mmolyson

2016 Harbor Freight Greenhouse question about base assembly.

Margaret Molyson
4 years ago

I watched several videos on YouTube before buying my HFGH and they all used lumber under the base plate. My model is #93358 and it tells me to excavate an area for the base, place the metal base directly on the ground, then fill the area with gravel up to 1" from the top of the base plate. No wood is used. Is this strong enough? I'm concerned with my ability to make the ground perfectly flat to support the frame without using wood. On the other hand, I don't know if the base plate can be attached to wood or if the wood would eventually rot, treated or not. Comments?

Comments (7)

  • Margaret Molyson
    Original Author
    4 years ago

    Thanks for the advice. I am concerned about the wind, anchoring it is a must.

  • mudhouse
    4 years ago
    last modified: 4 years ago

    Hi Margaret,

    You have the same model 10x12 Harbor Freight greenhouse that I do. Ours has been up for almost 9 years now.

    I totally agree with kudzu9; it needs to be anchored to the ground. I know the Harbor Freight manual still indicates you can set the frame on the ground and fill it with gravel, but my latest version of the manual also has a page up front, with bold type, that says "IMPORTANT - Wind conditions vary from site to site...may affect practicality of anchoring methods substantially...it is always your responsibility to ensure that the greenhouse is properly anchored...etc." This is because many Harbor Freight greenhouse owners have had their completed structures roll across the yard and be destroyed...when they are not anchored.

    Here is a link to the blog we did about building our HF greenhouse. There's a section on how we did our foundation. As you've noticed by watching videos, there are many ways to tackle anchoring the base...but it really must be securely anchored.

    Building our Harbor Freight 10x12 Greenhouse



    The other thing the manual doesn't tell you is that the panels must be attached to the frame more securely than the kit specifies. If you browse Harbor Freight threads in the archives here, you will also find threads about greenhouses that were destroyed when one or two of the panels blew out, in a wind. If the wind is strong enough, it can then rush inside the structure and bend the soft aluminum frame so it's not salvageable.

    I suggest using extra clips (order them by calling the toll free HF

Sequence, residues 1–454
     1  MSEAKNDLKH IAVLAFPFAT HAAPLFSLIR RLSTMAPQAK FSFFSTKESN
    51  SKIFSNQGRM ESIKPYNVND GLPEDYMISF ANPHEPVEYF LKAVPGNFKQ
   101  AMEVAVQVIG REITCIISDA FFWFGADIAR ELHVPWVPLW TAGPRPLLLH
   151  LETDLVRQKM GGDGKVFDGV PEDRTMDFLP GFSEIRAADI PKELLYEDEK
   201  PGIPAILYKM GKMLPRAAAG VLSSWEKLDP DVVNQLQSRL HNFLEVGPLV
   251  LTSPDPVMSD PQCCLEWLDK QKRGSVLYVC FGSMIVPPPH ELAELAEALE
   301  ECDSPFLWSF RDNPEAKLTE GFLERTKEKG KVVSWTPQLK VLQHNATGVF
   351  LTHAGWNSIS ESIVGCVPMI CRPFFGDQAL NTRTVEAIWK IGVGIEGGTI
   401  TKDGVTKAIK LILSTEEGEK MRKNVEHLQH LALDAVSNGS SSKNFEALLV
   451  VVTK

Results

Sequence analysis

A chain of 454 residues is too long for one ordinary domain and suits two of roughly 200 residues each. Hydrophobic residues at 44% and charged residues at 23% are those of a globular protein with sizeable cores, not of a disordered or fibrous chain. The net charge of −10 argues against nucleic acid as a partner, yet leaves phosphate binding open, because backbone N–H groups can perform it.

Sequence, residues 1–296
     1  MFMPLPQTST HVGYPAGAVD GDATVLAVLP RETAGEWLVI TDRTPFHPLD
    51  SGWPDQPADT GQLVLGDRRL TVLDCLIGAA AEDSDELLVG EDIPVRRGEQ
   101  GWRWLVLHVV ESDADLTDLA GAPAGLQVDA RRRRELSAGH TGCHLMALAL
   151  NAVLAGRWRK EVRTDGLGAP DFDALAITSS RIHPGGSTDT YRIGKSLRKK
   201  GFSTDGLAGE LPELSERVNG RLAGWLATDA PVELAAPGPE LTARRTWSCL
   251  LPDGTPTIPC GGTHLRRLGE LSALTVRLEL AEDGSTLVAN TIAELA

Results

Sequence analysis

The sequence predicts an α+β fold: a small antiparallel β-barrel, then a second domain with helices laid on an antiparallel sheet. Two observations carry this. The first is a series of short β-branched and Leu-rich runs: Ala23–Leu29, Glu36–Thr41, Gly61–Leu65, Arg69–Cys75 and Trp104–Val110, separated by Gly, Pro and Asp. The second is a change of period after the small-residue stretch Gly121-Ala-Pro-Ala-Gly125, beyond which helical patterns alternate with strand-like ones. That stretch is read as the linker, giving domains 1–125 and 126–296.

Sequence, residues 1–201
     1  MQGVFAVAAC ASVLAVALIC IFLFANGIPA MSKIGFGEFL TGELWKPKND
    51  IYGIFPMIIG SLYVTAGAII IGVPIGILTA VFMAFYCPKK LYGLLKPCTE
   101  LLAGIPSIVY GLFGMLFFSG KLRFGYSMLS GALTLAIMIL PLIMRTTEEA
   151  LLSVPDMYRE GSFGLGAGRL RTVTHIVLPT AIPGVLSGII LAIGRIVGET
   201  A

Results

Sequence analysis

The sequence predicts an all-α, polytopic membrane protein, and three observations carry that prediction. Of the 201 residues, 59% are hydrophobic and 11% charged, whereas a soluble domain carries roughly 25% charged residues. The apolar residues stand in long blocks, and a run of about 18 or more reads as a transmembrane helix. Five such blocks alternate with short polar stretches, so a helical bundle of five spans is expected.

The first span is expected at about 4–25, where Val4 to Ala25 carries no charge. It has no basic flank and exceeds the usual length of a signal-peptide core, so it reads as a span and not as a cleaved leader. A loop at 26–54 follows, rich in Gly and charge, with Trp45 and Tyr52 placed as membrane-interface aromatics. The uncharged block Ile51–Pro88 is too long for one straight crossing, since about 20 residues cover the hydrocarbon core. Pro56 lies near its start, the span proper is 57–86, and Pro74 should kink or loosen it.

number) and by using one or two screws in each panel, going into the
    aluminum frame. The above blog shows how we did that, too. Some people
    prefer to caulk their panels in place, but I never did because I like
    the ability to remove and replace the panels easily.

    So Goal One is to anchor the structure well, and Goal Two is to anchor the panels to the structure well.

    When we built our kit, the 10x12 was fairly new, and there were a lot of Gardenweb forum members building them. So, there were lots of us brainstorming solutions about how to strengthen the kit. I gathered many of the great ideas from this group and put them in our blog. I really suggest reading it, because I want you to have only happy adventures with your greenhouse! There are a number of modifications that will help it to be safer and stronger. None of them are expensive, they just take a bit of time.

    Treated wood is better than untreated for a foundation, especially if your climate has even average moisture. Some folks have even built masonry foundations for these greenhouses. It does need to be flat, though, as you'll have problems with the rest of the build if you don't get the foundation flat and the initial pieces put together in a way that is square and plumb. My advice is to take your time. If you need to, maybe consider asking a friend (or hiring one?) to help you with the foundation.

    I hope this helps a bit. Please feel free to post back, or contact me directly if I can be of more help!

  • Margaret Molyson
    Original Author
    4 years ago

    Thanks so much for taking the time to respond. I appreciate all the advice and will get some help leveling and anchoring the base and will as secure the panels. I'm in no rush, just working very early in the morning and very late in the evening so I want to get it right. Thanks again.

  • mudhouse
    4 years ago

    Sounds good! I have thoroughly enjoyed my greenhouse, and I'm sure you will too. Just a few things to "tweak" along the way, during the build, to overcome a few inherent weaknesses of the kit. Best of luck with your build!

  • sandra r
    4 years ago

    We dug holes in the ground, and used all thread with nuts and washers in the holes and concreted them in ( like tie downs) and then put down 5x6 treated lumber and drilled holes through them and and the all thread came up through the holes, we drilled holes into the 5x6s so the all thread would be counter sunk and put boltes on the all thread to secure the 5x6 frame to the ground, we then put the greenhouse metal base down and used flat stock metal in the bottom channel and drilled holes in it then screwed the base frame to the 5x6s, and then used self tapping screws to put the next part that holds the panels in ....it has withstood some crazy Oklahoma storms this year...:-)....if I knew how to post pictures I'd show ya...my explaining isn't so descriptive

  • mudhouse
    4 years ago

    I think that's a good explanation, sandra, and it sounds like a good solution. Glad to know your greenhouse has survived storms!